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Logo of annaldermaThis ArticleThis JournalAboutInformation for AuthorsOnline SubmissionAnnals of Dermatology
 
Ann Dermatol. 2009 August; 21(3): 291–293.
Published online 2009 August 31. doi:  10.5021/ad.2009.21.3.291
PMCID: PMC2861234

Cyclosporine Treatment in a Patient with Concurrent Autoimmune Urticaria and Autoimmune Hepatitis

Hye Young Ju, M.D., Hei Sung Kim, M.D., Hyung Ok Kim, M.D., and Young Min Park, M.D.corresponding author

Abstract

Patients with autoimmune urticaria show a higher rate of seropositivity for other autoantibodies and often have a history of autoimmune conditions. They also tend to have more severe symptoms and to have a poor response to conventional antihistamine treatment. Autoimmune hepatitis is a chronic inflammatory disorder in which progressive liver injury is thought to be the result of a T-cell-mediated immunologic attack against liver cells in genetically predisposed individuals. While the association between autoimmune urticaria and other autoimmune disorders such as thyroid disease is well known, there has been no reported case of autoimmune urticaria concomitant with autoimmune hepatitis. We report a case of autoimmune urticaria concurrent with autoimmune hepatitis, which was successfully treated with cyclosporine.

Keywords: Autoimmune hepatitis, Autoimmune urticaria, Cyclosporine

INTRODUCTION

At least 40% of patients with unexplained chronic urticaria have clinically relevant functional autoantibodies to the high affinity immunoglobulin (Ig)E receptors on basophils and mast cells and show a positive reaction on the autologous serum skin test. The term "autoimmune urticaria" is used for this group of patients, especially when there is evidence of underlying autoimmunity or dependence on oral corticosteroid therapy for disease control. Patients with autoimmune urticaria show a higher rate of seropositivity for other autoantibodies and often have a history of autoimmune conditions. They also tend to have more severe symptoms and to have a poor response to conventional antihistamine treatment1. Autoimmune hepatitis is a chronic inflammatory disorder in which progressive liver injury is thought to be the result of a T-cell-mediated immunologic attack against liver cells in genetically predisposed individuals. The response rate to prednisone and azathioprine therapy is 80%, and non-responders may be considered for a trial of cyclosporine, tacrolimus, or mycophenolate mofetil2. While the association between autoimmune urticaria and other autoimmune disorders such as thyroid disease is well known3, there has been no reported case of autoimmune urticaria concomitant with autoimmune hepatitis. We report a case of autoimmune urticaria concurrent with autoimmune hepatitis, which was successfully treated with cyclosporine.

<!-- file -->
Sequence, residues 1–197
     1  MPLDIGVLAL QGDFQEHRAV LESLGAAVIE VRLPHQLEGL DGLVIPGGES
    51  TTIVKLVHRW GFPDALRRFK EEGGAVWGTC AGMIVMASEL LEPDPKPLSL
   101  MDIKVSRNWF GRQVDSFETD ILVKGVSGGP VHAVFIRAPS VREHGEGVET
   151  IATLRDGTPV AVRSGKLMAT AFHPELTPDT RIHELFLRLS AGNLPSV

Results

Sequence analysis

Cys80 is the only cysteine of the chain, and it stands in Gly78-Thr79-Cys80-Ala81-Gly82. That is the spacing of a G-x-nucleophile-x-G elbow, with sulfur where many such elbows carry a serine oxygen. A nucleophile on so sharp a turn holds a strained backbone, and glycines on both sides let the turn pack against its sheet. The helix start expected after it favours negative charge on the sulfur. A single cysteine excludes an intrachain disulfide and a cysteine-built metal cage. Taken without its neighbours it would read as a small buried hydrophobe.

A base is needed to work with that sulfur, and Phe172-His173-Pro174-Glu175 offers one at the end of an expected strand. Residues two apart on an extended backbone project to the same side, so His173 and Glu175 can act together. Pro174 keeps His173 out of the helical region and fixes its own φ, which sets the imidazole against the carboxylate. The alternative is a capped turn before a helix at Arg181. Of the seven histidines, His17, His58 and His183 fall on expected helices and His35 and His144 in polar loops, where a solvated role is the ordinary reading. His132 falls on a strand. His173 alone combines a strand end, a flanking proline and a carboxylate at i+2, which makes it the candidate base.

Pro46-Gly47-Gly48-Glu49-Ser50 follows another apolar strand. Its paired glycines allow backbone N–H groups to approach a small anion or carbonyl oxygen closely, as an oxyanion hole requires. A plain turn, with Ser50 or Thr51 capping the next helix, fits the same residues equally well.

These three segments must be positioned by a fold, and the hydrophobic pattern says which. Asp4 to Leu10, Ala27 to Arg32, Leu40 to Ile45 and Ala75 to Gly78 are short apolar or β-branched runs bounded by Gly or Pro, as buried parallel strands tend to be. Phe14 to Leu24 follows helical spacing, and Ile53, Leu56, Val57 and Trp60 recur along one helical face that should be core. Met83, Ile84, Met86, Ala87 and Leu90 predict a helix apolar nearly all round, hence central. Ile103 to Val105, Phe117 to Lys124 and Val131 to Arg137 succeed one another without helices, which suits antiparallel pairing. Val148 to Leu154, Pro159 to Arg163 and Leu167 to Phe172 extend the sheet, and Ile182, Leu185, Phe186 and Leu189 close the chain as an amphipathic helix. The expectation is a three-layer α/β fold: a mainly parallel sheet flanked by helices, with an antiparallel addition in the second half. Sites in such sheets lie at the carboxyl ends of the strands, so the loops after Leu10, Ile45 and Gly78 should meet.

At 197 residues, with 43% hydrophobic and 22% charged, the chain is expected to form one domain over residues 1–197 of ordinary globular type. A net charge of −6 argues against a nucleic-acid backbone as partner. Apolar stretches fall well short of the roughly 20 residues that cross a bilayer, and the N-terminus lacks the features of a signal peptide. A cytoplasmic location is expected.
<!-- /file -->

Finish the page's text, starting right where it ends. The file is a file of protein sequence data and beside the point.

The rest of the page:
CASE REPORT